This summary table contains detailed information about research studies. Summary tables are a useful way to look at the science behind many breast cancer guidelines and recommendations. However, to get the most out of the tables, it’s important to understand some key concepts. Learn how to read a research table.
Introduction: Ductal carcinoma in situ (DCIS) is a non-invasive breast cancer. Without treatment, DCIS can progress to invasive breast cancer over time. So, all cases of DCIS are treated.
Treatment involves surgery, with or without radiation therapy. Some women may also get hormone therapy (tamoxifen or an aromatase inhibitor).
Radiation therapy isn't given to women who are treated with mastectomy for DCIS.
Lumpectomy for DCIS is usually followed by radiation therapy to lower the risk of:
Overall survival appears similar for women with DCIS who have lumpectomy with or without radiation therapy [1-2].
Learn more about treatment for DCIS.
Learn about the strengths and weaknesses of different types of studies.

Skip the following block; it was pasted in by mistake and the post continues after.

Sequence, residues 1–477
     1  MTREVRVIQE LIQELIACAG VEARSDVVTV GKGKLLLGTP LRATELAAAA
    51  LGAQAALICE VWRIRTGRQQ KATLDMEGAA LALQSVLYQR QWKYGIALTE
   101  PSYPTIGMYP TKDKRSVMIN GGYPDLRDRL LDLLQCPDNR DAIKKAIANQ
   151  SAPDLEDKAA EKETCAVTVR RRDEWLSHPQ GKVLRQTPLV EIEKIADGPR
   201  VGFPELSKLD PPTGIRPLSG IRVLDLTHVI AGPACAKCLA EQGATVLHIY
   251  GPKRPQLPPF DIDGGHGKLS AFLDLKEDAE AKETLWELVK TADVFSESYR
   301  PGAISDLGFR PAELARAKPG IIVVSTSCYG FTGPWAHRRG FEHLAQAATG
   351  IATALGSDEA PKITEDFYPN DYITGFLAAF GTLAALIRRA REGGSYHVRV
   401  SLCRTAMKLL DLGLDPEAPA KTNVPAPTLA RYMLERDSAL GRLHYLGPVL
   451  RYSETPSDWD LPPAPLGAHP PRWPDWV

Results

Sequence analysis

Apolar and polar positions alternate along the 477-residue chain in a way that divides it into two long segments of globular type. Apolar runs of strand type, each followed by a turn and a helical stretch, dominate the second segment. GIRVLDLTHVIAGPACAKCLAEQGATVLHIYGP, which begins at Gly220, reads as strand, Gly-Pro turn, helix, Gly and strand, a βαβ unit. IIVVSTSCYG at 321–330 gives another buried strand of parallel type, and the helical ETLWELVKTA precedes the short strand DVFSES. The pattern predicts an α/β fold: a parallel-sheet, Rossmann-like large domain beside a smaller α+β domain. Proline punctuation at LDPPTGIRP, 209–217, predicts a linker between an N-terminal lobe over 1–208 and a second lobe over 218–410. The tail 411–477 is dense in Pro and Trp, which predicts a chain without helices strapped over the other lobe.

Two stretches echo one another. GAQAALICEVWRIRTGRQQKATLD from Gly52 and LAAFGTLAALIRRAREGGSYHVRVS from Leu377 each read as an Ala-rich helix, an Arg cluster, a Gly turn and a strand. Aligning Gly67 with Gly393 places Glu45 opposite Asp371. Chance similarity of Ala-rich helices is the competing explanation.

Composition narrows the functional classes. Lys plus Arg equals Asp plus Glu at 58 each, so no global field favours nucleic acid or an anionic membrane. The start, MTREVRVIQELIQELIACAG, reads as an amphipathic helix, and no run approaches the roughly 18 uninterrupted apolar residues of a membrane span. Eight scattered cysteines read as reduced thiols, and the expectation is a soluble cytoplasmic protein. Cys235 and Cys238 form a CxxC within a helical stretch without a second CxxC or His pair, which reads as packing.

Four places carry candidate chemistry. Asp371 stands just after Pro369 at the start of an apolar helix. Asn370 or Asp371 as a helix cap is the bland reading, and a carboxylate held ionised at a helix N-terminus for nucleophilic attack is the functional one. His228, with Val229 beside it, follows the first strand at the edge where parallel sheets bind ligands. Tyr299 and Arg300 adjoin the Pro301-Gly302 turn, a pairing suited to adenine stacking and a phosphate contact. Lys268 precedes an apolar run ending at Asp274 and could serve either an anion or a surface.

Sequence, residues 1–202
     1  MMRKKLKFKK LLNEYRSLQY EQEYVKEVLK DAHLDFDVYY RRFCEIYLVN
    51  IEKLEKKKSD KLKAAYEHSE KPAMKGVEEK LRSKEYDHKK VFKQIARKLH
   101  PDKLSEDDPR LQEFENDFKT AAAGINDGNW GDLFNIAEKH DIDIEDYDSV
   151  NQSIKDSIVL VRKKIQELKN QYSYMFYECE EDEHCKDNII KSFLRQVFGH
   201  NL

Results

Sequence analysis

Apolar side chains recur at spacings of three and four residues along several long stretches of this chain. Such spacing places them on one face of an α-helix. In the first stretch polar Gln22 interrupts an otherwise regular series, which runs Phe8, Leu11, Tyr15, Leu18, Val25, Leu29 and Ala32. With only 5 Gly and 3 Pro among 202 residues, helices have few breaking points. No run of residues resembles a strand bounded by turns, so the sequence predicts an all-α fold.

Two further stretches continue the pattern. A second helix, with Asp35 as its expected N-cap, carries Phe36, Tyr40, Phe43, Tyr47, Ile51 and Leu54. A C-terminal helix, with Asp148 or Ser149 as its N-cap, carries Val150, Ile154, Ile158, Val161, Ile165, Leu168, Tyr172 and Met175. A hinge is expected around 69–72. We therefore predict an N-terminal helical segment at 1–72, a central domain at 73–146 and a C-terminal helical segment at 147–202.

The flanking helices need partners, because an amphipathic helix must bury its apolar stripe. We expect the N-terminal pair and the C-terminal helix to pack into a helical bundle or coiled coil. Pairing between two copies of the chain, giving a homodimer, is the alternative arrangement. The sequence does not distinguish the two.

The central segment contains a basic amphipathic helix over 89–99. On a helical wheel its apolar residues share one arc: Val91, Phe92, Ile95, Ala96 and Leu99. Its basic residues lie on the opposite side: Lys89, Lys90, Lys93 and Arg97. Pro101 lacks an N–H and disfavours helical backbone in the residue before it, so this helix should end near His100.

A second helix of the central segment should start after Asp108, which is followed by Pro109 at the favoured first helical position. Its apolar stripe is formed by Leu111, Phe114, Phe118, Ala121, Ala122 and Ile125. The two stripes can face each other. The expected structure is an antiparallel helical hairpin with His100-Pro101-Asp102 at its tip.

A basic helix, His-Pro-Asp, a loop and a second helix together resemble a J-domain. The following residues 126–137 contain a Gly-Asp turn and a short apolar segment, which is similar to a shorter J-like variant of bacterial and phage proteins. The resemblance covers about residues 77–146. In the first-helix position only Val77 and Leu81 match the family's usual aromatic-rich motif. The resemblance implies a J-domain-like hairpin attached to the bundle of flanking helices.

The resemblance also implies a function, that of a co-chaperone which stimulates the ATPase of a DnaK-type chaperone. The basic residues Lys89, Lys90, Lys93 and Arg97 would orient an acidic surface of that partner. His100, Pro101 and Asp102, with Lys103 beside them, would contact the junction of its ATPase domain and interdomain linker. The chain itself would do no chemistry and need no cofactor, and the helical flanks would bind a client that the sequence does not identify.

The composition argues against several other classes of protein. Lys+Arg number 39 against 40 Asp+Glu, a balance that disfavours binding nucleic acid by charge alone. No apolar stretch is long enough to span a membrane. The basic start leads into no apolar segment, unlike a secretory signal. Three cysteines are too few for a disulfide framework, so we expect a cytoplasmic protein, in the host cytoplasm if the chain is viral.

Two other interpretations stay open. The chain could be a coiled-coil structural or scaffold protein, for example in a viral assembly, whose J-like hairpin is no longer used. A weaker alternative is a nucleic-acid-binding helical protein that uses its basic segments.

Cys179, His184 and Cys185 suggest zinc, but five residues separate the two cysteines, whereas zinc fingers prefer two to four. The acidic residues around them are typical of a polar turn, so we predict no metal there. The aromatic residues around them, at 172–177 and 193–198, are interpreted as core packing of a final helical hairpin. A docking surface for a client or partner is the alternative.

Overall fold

Study selection criteria: Randomized clinical trials with at least 500 participants and 5 or more years of follow-up and meta-analyses.
Study Population (number of participants)
Percent of Women who Developed Invasive Breast Cancer*
Overall Survival (for length of follow-up)
Radiation Therapyafter Lumpectomy
No Radiation Therapyafter Lumpectomy
No RadiationTherapyafter Lumpectomy
Randomized clinical trials
UK, Australia, New Zealand (UK/ANZ) DCIS Trial 
Swedish Breast Cancer Group 
European Organization for Research and Treatment of Cancer (EORTC) 
National Surgical Adjuvant Breast and Bowel Project (NSABP) B-17 
Radiation Therapy Oncology Group 
Less than 1%
Cochrane Collaboration 
Stuart et al. 
* Invasive breast cancer in the same breast treated for DCIS
† Breast cancer survival (not overall survival)
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